Breaking Eggs And Making Omelettes

Topics On Multimedia Technology and Reverse Engineering


Pushing Projects to Github

February 16th, 2012 by Multimedia Mike

I finally got around to importing some old projects into my Github account. I guess it’s good to have a backup out there in the cloud.

I describe this as a true offline RSS reader. Technically, it’s arguably not a true offline RSS reader. Rather, it does what most people actually want an offline RSS reader to do.

I wrote this about 2 years ago when I had a long daily train ride with a disconnected netbook. I quickly learned that I couldn’t count on offline RSS readers simply because most RSS feeds to not contain much meat. Thus, I created a program that follows URLs in RSS feeds, downloads web pages and supporting images and CSS files, and caches them in an offline database which can be read via a local web browser.

I wrote more information about this little project 2 years ago (here is part 1 and here is part 2). I fixed a few bugs in preparation for posting it but I probably won’t work on this anymore since I don’t have any use for it (the commute is long gone, but I didn’t even use it when I was commuting because I decided I just didn’t care enough to read the feeds on the train).

This is a FUSE module for mounting Xbox/360 optical disc filesystems. Here is when I first discussed it. The tool has had its own little homepage for a long time. This tool has seen some development, as I learned from Googling for “xbfuse”. Regrettably, no one who has modified the tool has ever contacted me about it (at least, not that I can recall). This is unfortunate because the patches I have seen floating around which fix my xbfuse for various installations usually boil down replacing many occurrences of an include path in the autotool-generated build system. There is probably a simpler, cleaner fix.

Written prior to xbfuse, this is a FUSE module for mounting GameCube optical disc filesystems. I first discussed this here and here. This tool has not seen too much direct development although someone eventually used it as the basis for WiiFuse which, as you can predict, mounts optical disc filesystems from Nintendo Wii games.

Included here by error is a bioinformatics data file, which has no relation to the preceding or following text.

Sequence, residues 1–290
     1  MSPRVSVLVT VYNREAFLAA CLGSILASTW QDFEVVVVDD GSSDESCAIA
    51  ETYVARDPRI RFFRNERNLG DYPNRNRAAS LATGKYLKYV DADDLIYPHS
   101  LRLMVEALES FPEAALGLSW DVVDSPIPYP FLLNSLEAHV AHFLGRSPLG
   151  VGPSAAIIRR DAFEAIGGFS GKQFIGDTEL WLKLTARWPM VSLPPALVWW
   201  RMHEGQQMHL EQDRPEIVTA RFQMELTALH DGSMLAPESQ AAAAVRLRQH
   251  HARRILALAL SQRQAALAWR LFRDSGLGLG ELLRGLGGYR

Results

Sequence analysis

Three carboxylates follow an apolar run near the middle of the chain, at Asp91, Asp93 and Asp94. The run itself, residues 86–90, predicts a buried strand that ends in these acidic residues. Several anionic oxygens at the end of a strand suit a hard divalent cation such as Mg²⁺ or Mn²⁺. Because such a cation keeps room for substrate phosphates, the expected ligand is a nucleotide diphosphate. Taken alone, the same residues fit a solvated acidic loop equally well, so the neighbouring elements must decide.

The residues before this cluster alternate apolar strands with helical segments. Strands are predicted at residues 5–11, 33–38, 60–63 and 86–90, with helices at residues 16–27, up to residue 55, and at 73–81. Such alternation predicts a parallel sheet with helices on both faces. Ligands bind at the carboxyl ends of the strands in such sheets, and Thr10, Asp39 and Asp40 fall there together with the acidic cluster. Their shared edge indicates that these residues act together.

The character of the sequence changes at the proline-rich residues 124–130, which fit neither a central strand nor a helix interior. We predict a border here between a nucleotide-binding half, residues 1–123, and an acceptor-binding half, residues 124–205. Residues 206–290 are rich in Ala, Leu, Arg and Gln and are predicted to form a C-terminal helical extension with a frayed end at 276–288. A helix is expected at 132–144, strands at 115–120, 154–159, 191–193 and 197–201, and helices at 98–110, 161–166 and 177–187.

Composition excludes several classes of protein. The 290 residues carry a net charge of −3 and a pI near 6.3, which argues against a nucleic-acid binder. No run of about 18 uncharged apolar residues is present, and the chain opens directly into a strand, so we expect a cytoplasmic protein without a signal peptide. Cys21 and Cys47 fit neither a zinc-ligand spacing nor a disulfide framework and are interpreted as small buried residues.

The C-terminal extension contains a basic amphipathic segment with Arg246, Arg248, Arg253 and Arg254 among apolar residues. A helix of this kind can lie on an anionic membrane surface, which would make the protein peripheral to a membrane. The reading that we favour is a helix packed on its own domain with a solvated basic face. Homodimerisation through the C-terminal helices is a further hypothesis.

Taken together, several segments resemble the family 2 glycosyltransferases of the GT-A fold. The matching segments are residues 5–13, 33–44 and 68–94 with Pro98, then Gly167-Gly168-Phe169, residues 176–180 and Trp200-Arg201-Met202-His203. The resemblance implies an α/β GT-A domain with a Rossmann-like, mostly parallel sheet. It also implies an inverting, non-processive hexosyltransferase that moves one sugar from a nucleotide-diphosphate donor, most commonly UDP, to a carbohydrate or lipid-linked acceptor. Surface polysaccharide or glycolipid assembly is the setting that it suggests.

Posted in Game Hacking, Python | Comments Off on Pushing Projects to Github

Samples RSS And Flashback Samples

December 21st, 2011 by Multimedia Mike

I made good on my claim that I would create an RSS feed for the samples repository.

Here is the link to the samples RSS feed [ ]. Also, here is the Python source code I threw together for the task.

I just want to check: I’m not the only person who still relies on RSS these days, right? The tech press has been cheerfully proclaiming its demise for some time now. But then, they have been proclaiming the same for Adobe Flash as well.

I’m no expert in RSS. If you have any suggestions for how to improve the features presented in the feed, please let me know. And, of course, keep the samples coming. This script should help provide more visibility for a broader audience.

Mario and Flashback Samples
Thanks to LuigiBlood who sent in some samples that allowed me to test out my new script for automatically syncing the repositories and updating the samples RSS feed. First, there are CPC multimedia files from the Japanese 3DO port of Flashback: The Quest for Identity. Then, there is an Interplay MVE file on the CD version of Mario Teaches Typing in which the video doesn’t decode correctly.